Nostalgic Gourmet: A grilling husband’s secret
by Leba Dawkins
Jul 03, 2011 | 1810 views | 0 0 comments | 10 10 recommendations | email to a friend | print
In these fast-moving analytical days of dissecting every morsel we eat, this column is about preserving the original taste of “don’t change” recipes.

My first husband loved to entertain in the cave-man manner of “Me mucho he-man. Me cook for you over open fire.” With a stiff drink in one hand and a long-handled brush dripping in a glaze or sauce in the other, he charmed many clients and close friends with his grilling expertise.

In the backyard or poolside, voices heralded to his delight, “Wow, how did you get this meat so tender ... what’s the secret? This glaze is delicious; can I borrow the recipe?” To his credit, for many years he never gave away his grilling secret ... ME!

A couple of days before an outdoor gathering, his “secret” would hear, “Honey, did you buy the meat yet? If it’s chicken, I don’t want a marinade or rub this time, how about a sweet glaze instead?

As party-time rounded the corner, diplomatic instructions began, “I really love your hot German Potato salad ... think you can find the time? Also, I liked the way you skewered the meat and vegetable combinations last time, can you do it again ... only this time can you marinade the mushrooms first?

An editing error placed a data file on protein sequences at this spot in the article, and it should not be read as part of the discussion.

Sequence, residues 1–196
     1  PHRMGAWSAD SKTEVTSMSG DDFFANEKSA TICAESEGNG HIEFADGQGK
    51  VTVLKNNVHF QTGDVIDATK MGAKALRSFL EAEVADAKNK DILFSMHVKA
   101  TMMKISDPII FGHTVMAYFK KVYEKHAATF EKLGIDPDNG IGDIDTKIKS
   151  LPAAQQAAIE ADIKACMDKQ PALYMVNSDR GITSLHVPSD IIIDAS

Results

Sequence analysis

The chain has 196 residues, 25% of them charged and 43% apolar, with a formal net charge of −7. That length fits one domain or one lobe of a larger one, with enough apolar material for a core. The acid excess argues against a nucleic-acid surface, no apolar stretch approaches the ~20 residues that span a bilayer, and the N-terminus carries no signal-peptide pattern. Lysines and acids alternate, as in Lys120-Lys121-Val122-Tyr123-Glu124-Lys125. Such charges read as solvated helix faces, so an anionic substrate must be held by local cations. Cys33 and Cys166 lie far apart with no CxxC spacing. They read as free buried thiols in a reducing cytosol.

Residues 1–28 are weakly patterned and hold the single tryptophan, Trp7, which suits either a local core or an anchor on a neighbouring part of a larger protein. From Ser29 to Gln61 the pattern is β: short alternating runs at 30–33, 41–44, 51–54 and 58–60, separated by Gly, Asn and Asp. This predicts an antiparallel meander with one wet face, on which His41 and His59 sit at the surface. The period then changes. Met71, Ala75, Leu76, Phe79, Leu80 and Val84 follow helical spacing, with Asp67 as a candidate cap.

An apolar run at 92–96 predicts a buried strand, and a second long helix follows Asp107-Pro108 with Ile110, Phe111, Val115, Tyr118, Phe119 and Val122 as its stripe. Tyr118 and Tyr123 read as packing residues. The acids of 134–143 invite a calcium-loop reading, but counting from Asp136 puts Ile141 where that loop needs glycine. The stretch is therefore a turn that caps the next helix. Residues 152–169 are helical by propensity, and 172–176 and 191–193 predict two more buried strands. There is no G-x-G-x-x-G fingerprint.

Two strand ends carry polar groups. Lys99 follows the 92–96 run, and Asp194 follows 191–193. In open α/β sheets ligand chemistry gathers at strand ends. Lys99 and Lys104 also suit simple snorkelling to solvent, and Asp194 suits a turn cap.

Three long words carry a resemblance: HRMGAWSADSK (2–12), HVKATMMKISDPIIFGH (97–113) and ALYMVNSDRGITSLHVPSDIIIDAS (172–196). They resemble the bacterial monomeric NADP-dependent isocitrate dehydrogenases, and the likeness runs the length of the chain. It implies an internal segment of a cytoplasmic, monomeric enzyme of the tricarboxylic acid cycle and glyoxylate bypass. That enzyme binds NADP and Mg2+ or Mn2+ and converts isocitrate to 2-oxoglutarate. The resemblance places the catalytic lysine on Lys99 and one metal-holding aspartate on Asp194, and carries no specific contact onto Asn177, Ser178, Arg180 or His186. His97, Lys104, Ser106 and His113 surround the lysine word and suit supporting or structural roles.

As the years passed and my he-man became more interested in the comfort of a recliner and remote control, grilling before an audience seldom held a monthly slot in his summer appointment book.

To this day, I’ve never regretted being my husband’s grilling “secret” because a true “secret” adores her he-man and dearly loves helping him serve outstanding culinary treasures.

The following recipe is one such treasure. Whether you choose to bake or grill the finished dish, it’ll always be a crowd pleaser dished up hot or cold.

Rosemary-Apricot Chicken

2 teaspoons salt

1 teaspoon dried rosemary, crushed

1/2 teaspoon coarsely ground black pepper

4 garlic cloves, crushed

3 whole chickens (about 3 lbs. ea.) cut into quarters, skin removed.

1/2 cup apricot jam

2 tablespoons fresh lemon juice

2 teaspoons Dijon mustard

Mix salt, rosemary, pepper and garlic in small cup. Rub mixture over chicken quarters; cover and refrigerate in large bowl about 2 hours.

Preheat oven to 350F. Place chicken quarters, skinned-side up, in two large roasting pans (17 by 11 1/2-inches). Bake chicken 25 minutes on two oven racks, rotating pans between upper and lower rack halfway through baking.

Glaze: Mix apricot jam, lemon juice and mustard in small bowl with fork.

To bake: Brush glaze over chicken; bake 20 minutes longer, rotating pans after 10 minutes or until juices run clear when thickest part of thigh is pierced with tip of knife.

To grill: If refrigerated, quickly reheat chicken on the grill, brushing with the glaze just before removing from the heat. Avoid overcooking.

Leba also writes the “Upon Reflection” column that runs bi-monthly in the Banner’s Sunday edition.